The Future of Knowledge?

I went to the Future of the Internet talk at the Oxford Internet Institute (webcast here) where Larry Sanger (Citizendium and Wikipedia) and Andrew Keen debated the where the Internet might go and how knowledge would develop.

Neither,  I think, really got into the argument but rather skirted the issues. Sanger’s argument for a more editorially driven Wikipedia, which is what he has created at Citizendium, was interesting. He is very much for the self selecting model but feels that it needs a guiding hand every so often by an elite.

Keen, on the other hand, attacked the ideals of collaboration, community and conversation. We do over use this as developers and at some point they will be subject to redefinition and re thought. I can see Keen’s point in the (ab)use of anonymity by a small minority of people on boards, fora, Wikis but despite his attacks, he offered no coherent view or redefinition of the 3 c’s noted above. Anonymity is useful but, like everything else, is open to abuse.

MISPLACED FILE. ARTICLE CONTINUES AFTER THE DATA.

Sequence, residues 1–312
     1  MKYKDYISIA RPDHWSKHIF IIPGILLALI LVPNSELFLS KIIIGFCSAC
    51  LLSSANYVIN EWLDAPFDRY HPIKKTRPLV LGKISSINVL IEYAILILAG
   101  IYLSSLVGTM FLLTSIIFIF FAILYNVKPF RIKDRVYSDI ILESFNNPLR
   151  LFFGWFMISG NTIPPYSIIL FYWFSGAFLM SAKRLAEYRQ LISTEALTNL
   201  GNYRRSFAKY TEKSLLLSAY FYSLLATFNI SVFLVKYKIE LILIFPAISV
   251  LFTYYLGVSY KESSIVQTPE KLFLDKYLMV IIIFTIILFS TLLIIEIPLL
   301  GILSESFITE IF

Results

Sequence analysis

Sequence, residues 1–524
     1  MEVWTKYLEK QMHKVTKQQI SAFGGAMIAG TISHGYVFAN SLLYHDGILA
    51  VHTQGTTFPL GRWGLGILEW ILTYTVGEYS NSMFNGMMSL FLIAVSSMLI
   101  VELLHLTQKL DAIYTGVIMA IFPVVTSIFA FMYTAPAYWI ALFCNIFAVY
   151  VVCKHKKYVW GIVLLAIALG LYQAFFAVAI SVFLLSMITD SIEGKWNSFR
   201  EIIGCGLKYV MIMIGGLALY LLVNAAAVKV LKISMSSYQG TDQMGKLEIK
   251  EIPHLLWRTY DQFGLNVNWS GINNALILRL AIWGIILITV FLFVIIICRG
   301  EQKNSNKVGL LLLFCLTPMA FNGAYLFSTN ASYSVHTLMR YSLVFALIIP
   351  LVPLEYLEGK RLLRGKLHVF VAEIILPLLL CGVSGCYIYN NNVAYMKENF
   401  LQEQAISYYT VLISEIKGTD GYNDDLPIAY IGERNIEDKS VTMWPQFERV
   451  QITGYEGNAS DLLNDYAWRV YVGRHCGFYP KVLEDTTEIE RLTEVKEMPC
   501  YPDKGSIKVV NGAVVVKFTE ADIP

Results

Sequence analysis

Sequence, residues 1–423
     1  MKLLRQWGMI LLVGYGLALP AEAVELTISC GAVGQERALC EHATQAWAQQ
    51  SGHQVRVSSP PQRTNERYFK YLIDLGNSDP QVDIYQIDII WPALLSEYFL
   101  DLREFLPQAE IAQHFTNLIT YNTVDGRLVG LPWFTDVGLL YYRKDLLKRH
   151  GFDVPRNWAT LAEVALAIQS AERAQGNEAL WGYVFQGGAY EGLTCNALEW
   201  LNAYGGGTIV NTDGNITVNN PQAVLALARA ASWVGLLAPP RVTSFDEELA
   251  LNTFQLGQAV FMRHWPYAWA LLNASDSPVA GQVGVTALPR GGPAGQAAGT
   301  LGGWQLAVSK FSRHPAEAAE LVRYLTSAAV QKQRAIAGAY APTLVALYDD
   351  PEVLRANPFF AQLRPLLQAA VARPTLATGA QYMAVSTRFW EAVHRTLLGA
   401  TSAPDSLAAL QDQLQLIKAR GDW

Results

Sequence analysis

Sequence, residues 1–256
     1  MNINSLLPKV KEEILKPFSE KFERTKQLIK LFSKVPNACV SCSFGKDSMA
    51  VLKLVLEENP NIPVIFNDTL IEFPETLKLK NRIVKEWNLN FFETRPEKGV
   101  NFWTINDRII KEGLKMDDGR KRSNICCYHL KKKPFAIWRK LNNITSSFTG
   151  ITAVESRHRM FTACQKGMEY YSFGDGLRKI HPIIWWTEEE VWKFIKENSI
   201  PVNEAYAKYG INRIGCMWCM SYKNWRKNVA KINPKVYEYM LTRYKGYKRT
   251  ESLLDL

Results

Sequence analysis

He’s correct in the sense that they are used too loosely to describe a service or website. Here’s the rub. I think that we are still at the beginning of the process. Services such as Wikipedia are demonstrating how the Internet can be used to collaborate in learning and education but they still have problems in their own communities, such as the various cries about editorial policy. The recent outcry over at BoingBoing regarding the unpublishing of Violet Blue’s posts. Whilst it is a blog and therefore subject to its own editorial, the outcry begins to go to the heart of the idea of community, how it is used and leveraged.

An earlier post on this blog from the Dilemmas conference suggests that this has not yet been fully argued and leveraged in the academic community. Repositories have to be linked not only to each other but also to outside, non-academic networks to become useful and keep universities and research councils are arbiters of knowledge and research.